might have been a better and a happier man if I had more often
accepted him as my guide.
As it was, I grew more and more to dislike his unpleasant
interruptions. But it was not until the end of my stay at the
school that I really began to hate him. It was at about this time
that I had a strange experience with him. We had had a more
than usually violent quarrel, and because he had not expected to
see me, he spoke and acted in an unusually open way. I
discovered in his voice, his manner and his appearance something
which first surprised me and then deeply interested me. I sensed
that I had known him before — in some distant past, perhaps, or
in some earlier life. The feeling (it was more a feeling than a
thought) disappeared as quickly as it came; and I mention it now
simply because it was the last time I spoke to him at school.
One night, just before I left the school, I decided to try to play
one more joke on him. While everyone was sleeping, I got up
and, carrying a lamp, went to Wilson's bedroom. I opened the
curtains around his bed, and saw that he was sleeping. I looked —
and as I looked a feeling of icy coldness flowed through my body.
My legs and arms shook, the blood seemed to leave my head, and
I felt sick with fear. Struggling for breath, I lowered the lamp to
his face. Was this the face of William Wilson? I saw that it was,
but I trembled at what I saw. He did not look like this — certainly
not like this - when he was awake. The same name! The same
appearance! The same day of arrival at the school! I thought of
his determined and meaningless copying of my walk, my voice,
my manner and my habits. Was it possible that Wilson's face, as I
saw it now, was simply the result of his careful practice in copying
of my own? Shaken and unable to think clearly, I put out the
lamp and left the room. Before morning came I had left the
school, and I never returned to it again.
A few months later I went to Eton.* This change of scene
caused me to forget the other school, and I thought no more
about my namesake. I lived a very lazy and aimless life and hardly
studied at all. I shall not describe those three wasted years, during
which the roots of evil became firmly established. My story
moves on to the end of that time. One evening, after a week of
hard drinking, I invited a small group of my wildest friends to a
secret party in my rooms. The wine flowed freely, but there were
other, even more enjoyable and dangerous attractions. The first
light of day could already be seen in the east, when the voice of a
servant was heard outside the room. He said that some person,
who seemed to be in a great hurry, wanted to speak to me in the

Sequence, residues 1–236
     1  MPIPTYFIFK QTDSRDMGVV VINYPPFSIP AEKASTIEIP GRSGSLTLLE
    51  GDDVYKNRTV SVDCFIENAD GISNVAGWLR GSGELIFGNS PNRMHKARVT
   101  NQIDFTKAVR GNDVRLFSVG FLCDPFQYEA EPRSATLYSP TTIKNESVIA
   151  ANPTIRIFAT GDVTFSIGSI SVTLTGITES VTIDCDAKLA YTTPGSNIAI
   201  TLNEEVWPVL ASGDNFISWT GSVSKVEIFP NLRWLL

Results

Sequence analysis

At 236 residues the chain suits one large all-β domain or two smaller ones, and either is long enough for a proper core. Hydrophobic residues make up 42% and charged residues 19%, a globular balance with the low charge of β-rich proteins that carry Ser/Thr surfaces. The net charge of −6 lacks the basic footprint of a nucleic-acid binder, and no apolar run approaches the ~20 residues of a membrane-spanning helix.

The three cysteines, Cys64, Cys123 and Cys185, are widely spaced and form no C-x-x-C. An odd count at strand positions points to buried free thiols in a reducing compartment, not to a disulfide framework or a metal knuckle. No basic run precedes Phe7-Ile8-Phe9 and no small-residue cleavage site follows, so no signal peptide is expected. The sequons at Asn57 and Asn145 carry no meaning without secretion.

As I stepped outside into the shadows, I saw the figure of a
youth about my own size. He was dressed in a white coat just like
my own. He rushed towards me, took me by the arm, and bent
his head to mine; and then I heard the voice, the low whisper,
'William Wilson!', in my ear. He raised a finger and shook it
violently, as a grave warning. This movement of his brought a
thousand memories racing to my mind — they struck it with the
shock of an electric current. And then in a moment he was gone.
For some weeks after this event I made many enquiries. I
knew, of course, that my unwelcome visitor was my namesake.
But who and what was this Wilson? — and where did he come
from? - and what did he want with me? But I could find out
nothing of importance about him. I learned only that he had left
that other school, because of a sudden accident in his family, on
the same day that I myself had gone.
* Eton: a famous English private school.
A little later I went to Oxford to attend the University. Here
the foolish generosity of my parents allowed me to continue a life
of wasteful pleasure. And it was at Oxford that I learned the evil
art of cheating; this shows how far I had fallen from the state of a
gentleman. Actually, it was only the seriousness of this offence
that allowed me to practise it. My friends, all of them, would
rather have doubted the clearest proofs than have suspected me of
such behaviour; for I was the happy, the generous William
After I had successfully cheated at cards for years, a rich young
man named Glendinning came to the University. He had a weak
character and seemed the perfect person for my purpose. I often
played with him, and managed to let him win one or two fairly
large amounts of money from me. In this way he fell deeper into
my trap. At last my plan was ready. I met him at the rooms of a
friend who knew nothing about my cheating. There were eight
or ten young men present. I carefully directed the conversation
until it was Glendinning himself who suggested a game of cards.
We played for a long time, and at last he and I sat alone at the
table while the rest of the company stood around us looking on.
In a very short time Glendinning, who was drinking heavily,
owed me a lot of money. Less than an hour later his debt was four
times as great. I did not believe, though, that such a loss could
account for Glendinning's extreme paleness; for he now looked
as white as death. His family, I had heard, was one of the
wealthiest in England. I thought that the wine must be affecting
him and I was about to suggest that we stopped the game, when I
was surprised by some remarks from our friends and a cry of
hopelessness from Glendinning. I understood then that I had